When I was growing up, I was told that if I wanted something, I would have to work for it. I started babysitting (at $1/hr.) at an early age. I started working for my Mom’s company at age 12 (with special permission and for limited hours). After that, I started buying my own clothes. I bought my own bed and my own stereo. I never had a car because I couldn’t afford one on my own. I gave 1/2 of my wages to my Mom to help support our family. That was expected and never questionned.
Although my husband and I were young when we got married, we paid for everything ourselves. We bought our first car just after we were married and drove it for 12 yrs. We have always used credit cards for “emergencies” and have been mindful of what we buy. Needless to say, we realize that if you want something, you need to WORK FOR IT.
Yesterday, my son went over to a neighbors house to play. The mom came outside and told him and her son that if they raked leaves in the front yard, she would give them $2 each. My son thought it was a great idea (a chance to earn money-Woohoo!), her son looked at her and said: “Just $2? No way! If you say $10, I’ll do it.” To which my son replied: “You should be happy with $2. My mom would’ve said it was a home chore and not paid me at all.”
That got me to thinking, are we (American parents) encouraging our children to be greedy and expect the world to “give me everything I desire”? Are we saying to our children that hard work isn’t necessary unless it is backed with cash? Will these children expect a 6-figure job right out of college? Will these children be crushed when they realize that there are 50 other applicants for the job that THEY want? Will these children come back home to Mom and Dad and say: “Why won’t the world give me everything like you did?” I wonder.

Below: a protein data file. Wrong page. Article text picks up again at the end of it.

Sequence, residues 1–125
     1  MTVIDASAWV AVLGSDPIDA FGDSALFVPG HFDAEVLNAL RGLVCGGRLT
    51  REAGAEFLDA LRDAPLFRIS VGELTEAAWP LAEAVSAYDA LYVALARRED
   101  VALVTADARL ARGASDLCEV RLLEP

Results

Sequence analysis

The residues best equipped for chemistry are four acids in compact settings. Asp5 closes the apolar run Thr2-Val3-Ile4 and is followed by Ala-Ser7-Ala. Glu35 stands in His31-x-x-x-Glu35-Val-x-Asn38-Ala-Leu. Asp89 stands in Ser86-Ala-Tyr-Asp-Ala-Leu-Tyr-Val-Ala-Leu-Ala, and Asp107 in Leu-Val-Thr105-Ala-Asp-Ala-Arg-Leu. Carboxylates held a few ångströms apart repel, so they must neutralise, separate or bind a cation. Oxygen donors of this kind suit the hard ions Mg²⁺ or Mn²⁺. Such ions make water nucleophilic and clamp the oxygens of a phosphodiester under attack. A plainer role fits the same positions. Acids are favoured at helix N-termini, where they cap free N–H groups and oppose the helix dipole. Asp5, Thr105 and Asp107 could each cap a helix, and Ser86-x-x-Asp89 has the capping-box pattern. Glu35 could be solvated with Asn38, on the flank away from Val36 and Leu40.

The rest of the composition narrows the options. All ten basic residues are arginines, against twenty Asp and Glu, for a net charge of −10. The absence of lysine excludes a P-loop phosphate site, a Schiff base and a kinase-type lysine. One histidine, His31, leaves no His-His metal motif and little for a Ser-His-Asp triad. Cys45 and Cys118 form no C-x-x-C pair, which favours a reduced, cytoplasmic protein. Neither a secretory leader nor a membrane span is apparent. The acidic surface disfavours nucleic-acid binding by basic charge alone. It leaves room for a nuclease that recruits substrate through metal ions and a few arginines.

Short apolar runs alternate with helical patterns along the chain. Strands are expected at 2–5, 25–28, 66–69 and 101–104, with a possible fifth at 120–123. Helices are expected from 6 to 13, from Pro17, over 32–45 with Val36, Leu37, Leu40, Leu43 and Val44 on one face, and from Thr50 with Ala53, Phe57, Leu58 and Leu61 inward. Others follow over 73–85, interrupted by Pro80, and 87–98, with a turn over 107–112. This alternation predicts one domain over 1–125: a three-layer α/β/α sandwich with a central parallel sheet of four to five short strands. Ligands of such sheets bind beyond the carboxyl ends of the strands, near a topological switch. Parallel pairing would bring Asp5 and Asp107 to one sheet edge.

I may be old fashioned in believing in the saying: “What goes around, comes around.” I think this goes for a positive attitude, hard work, honesty, and integrity. Are parents teaching those nowadays? Are parents trying to be “friends” and forgetting that what children need is a role model? When you see children mindlessly grabbing items in a store and expecting the parent to buy (which they do because they don’t want to make a scene), what are they saying to their kids? How about: “Ask and you shall receive – no matter the cost.”
My son wound up raking the neighbor’s yard – alone. He was thrilled to show us that he made $2 on his own. No, $2 isn’t much by today’s standards, but he was appreciative and proud of his accomplishments. No one gave him $2. He earned it. He was proud and paid for his hard work. After lessons today, he got a bucket and started picking up pecans in our yard. He plans on washing, bagging, and selling them to buy Christmas presents. With hard work, comes great rewards. THAT is what we should be teaching the next generation. Not buying them $200 tennis shoes or the newest video game because they are whining for it.
If parents wonder why their young, adult children aren’t happy…they need to look at how they raised them. Sometimes, not having “everything their hearts desire” is a good thing.